Recovery is a running theme here because of its importance. Sudden exhaustion, inability to finish a full workout, or feeling fatigued all of a sudden post-exercising can occur because your body is not ready. While rest days are important (more on that in a minute), Performance Lab wrote that there's a little more to recovery post-workout than just resting. Stretching before and after a workout, on your own, or with a foam roller would be best. You can also do other body relaxation and healing techniques like massages. They recommend supplements, but nourishing your body, as stated above, post-workout is the best thing you're going to be able to do.


To recuperate after working out, Huma told After Clinic Hours that eating plenty of proteins and carbs is a great way to feed your body and muscles. Foods like eggs, chicken, rice, and pasta are great options that'll help feed eyou properly after exercising to repair your muscles and regain the energy lost. "The food you eat within the first few minutes after a workout is one of the most important and underrated parts of training," personal trainer Lisa Reed told Pure Wow. They recommend eating 15 minutes after working out, so some good snacks to choose from, according to Reed, include hummus and whole-grain crackers, eggs, and chocolate milk that doesn't have too much sugar.

You could be over-doing it

On that note of recovery and rest days, you could feel exhausted after working out because you're doing too much. If you're into intense workouts, you're using up a lot more energy, and it takes a lot to produce more energy afterward. But even a regular workout that you do daily might be pushing your physical abilities.


Pure Gym also notes that rest days are really crucial. Even if you don't feel the exhaustion right away, if you fail to take those days off, you won't give your body enough time to recover, especially if you're doing strenuous workouts. Your muscles need to relax and repair themselves, and you don't want to overload your system with too much. They write that by taking one day off per week; you're already helping your body out. They also note that there is an importance to "leg days" or "ab days"; they write you shouldn't work on the same muscle groups twice within 48 hours.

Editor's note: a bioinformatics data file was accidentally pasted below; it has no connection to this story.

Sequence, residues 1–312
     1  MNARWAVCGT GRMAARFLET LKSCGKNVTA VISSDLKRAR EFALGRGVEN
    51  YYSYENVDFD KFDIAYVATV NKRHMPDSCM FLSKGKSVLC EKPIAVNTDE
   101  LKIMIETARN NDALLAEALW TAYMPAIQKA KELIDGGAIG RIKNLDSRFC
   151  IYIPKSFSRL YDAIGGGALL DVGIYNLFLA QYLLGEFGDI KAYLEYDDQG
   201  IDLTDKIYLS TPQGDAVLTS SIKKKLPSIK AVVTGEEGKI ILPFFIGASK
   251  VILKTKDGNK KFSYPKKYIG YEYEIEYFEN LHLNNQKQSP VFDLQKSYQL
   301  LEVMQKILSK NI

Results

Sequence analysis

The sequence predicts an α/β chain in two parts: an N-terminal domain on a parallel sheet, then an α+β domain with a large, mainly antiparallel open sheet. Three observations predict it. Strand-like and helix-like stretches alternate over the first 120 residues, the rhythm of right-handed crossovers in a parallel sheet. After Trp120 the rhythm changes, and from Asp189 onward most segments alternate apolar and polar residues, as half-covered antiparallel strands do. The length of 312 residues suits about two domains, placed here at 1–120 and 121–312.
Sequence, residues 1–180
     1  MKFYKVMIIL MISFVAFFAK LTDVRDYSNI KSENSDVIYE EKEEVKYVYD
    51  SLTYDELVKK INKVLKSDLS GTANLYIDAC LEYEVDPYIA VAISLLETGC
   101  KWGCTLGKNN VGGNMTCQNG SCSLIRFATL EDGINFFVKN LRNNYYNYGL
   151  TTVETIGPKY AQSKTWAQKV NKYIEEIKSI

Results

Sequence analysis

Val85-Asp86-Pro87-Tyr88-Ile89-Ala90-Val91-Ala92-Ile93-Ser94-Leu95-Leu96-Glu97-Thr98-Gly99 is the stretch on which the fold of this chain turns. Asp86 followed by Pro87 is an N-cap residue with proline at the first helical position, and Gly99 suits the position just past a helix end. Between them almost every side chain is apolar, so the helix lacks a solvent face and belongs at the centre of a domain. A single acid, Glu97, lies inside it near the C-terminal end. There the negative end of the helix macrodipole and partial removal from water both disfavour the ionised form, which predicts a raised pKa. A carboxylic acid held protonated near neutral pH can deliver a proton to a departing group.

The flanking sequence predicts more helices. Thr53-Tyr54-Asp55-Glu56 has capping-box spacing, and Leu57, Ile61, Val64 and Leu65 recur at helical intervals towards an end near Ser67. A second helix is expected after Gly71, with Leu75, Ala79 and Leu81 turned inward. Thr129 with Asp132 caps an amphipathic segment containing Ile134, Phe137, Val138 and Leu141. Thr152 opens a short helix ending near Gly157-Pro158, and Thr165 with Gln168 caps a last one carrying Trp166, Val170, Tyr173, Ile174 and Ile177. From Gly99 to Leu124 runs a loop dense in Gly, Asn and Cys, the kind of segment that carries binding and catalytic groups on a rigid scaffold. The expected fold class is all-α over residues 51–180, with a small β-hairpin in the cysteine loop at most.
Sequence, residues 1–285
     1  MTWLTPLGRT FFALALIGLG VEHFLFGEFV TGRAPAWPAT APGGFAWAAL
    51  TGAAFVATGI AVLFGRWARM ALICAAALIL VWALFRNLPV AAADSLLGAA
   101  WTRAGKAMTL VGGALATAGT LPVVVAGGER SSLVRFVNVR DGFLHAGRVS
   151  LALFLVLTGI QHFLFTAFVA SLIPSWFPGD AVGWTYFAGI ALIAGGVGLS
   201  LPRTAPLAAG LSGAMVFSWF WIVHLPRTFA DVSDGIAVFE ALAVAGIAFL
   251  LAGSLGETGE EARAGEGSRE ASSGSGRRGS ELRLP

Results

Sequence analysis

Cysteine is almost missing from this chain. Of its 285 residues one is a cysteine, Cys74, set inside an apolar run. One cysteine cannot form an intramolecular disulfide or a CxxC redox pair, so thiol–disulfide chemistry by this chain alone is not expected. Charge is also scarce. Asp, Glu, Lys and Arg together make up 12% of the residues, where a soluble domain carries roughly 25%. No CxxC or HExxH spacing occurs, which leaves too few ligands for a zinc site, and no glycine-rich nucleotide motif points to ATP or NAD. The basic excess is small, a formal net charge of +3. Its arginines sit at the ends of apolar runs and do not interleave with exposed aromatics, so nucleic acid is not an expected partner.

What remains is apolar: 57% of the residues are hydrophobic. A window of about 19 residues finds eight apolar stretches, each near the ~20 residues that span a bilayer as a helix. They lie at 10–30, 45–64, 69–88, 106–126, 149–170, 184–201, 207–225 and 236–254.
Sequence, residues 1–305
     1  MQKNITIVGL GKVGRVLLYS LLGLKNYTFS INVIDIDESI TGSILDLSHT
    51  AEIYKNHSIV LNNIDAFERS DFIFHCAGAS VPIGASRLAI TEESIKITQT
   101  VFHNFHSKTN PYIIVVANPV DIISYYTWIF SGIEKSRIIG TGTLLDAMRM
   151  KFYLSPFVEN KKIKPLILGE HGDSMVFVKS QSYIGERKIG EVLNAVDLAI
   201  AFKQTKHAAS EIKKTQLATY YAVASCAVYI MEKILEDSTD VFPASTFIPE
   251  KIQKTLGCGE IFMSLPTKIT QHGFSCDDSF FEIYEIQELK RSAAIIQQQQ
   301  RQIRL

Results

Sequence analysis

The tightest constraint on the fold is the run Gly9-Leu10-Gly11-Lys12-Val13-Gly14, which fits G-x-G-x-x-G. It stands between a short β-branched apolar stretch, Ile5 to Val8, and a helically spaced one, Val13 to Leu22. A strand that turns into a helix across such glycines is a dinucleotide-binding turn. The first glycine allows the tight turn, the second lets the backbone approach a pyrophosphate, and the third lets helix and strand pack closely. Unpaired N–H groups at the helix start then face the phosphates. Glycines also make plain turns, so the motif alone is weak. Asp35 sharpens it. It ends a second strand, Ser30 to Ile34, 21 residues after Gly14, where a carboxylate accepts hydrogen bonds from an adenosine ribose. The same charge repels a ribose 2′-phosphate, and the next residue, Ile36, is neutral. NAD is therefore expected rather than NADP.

You need to do a cool down workout after your regular workout

In the vein of stretching, The American Heart Association wrote that warming up and cooling down are vital to a healthy workout. They write that the heart works overtime during and even after exercising. "After physical activity, your heart is still beating faster than normal, your body temperature is higher, and your blood vessels are dilated," they wrote. "This means if you stop too fast, you could pass out or feel sick." This is where stretching comes in handy again because it "reduces the buildup of lactic acid, which can help prevent cramping and stiffness." And taking that time to let your body and heart cool down and rest while still in your workout session is excellent for your overall health.


"One of the biggest post-workout mistakes that I see people make is skipping a cool-down stretch or leaving before the end of a group fitness class," Jonathan Tylicki, a certified personal trainer and director of education for AKT told Pure Wow. "Stretching will help prevent soreness, relax the nervous system, promote mobility and flexibility, and even improve your next workout." Warming up is also very important since it helps open up your body to more oxygen while working out, according to the American Heart Association. Not getting enough air and oxygen in your blood and heart will make exercising harder for longer and lead to a significant crash afterward.

You could be under a lot of stress

Oftentimes running or exercising in any capacity can be freeing and help with personal issues that make you stressed or anxious. The endorphins associated with working out are enough for many people to make exercise a big part of their self-care regimen or something they do to clear their heads. However, Pure Gym writes that working out can also be a stressor. It works your heart out and can be tiring, especially if you're doing strenuous workouts. So they write that working out might only add to your feelings of exhaustion if you're really stressed or severely anxious.


As with anything regarding your health and body, checking in with yourself is a great way to know what you can and can't handle. Whether that's because of stress or because you're feeling supremely exhausted, you want to ensure you're not overdoing it. All these reasons and tips can help you beat post-workout exhaustion but knowing what is best for your body by listening to it is the most important.